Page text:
Masses, Spontaneity, Party

J.-P. Sartre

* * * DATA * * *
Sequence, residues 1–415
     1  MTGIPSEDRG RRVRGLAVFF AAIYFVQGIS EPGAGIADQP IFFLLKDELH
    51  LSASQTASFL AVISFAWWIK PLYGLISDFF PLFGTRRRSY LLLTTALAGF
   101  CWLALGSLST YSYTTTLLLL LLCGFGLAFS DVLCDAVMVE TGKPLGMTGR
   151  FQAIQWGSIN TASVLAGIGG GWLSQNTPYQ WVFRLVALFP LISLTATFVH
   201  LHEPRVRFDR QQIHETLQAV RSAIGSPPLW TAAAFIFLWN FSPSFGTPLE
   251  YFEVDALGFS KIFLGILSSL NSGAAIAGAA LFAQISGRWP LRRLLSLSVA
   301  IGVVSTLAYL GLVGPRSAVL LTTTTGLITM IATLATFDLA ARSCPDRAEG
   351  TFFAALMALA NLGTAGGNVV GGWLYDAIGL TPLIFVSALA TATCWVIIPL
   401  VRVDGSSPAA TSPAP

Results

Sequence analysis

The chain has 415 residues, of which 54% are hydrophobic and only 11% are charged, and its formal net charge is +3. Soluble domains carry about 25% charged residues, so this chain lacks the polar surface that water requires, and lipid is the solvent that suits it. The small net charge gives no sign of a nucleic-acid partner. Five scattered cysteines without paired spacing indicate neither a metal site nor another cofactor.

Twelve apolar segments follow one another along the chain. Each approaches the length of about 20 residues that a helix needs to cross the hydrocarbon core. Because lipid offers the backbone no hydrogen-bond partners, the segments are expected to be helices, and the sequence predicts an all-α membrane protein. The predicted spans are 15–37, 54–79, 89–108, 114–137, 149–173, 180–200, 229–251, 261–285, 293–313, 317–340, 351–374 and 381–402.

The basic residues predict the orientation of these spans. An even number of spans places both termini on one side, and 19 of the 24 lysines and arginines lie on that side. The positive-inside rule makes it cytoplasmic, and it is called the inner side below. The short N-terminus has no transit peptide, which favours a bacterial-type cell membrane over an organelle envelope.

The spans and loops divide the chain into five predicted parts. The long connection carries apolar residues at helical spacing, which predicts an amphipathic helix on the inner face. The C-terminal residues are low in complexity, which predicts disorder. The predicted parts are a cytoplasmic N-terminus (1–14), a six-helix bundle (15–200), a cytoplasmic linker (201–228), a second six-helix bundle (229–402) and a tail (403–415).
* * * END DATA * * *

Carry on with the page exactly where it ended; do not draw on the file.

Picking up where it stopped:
During the May events in France, and in the course of the working class struggle of 1968 generally, movements at the base attacked the Communist parties not only for their bureaucratic degeneration or for their reformist options; they also criticized the very notion of the party as the political, structured organization of the class. When these movements suffered setbacks, a number of "leftist" groups came to emphasise organization against spontaneity, and advocated a return to "pure" Leninism. Neither of these attitudes seems to us satisfactory. It seems to us that one can only properly criticize spontaneity-and this was the lesson of 1968-if it is realized that the subjective maturity of the working class requires today a new form of organization, adapted to the conditions of struggle in the societies of advanced capitalism.

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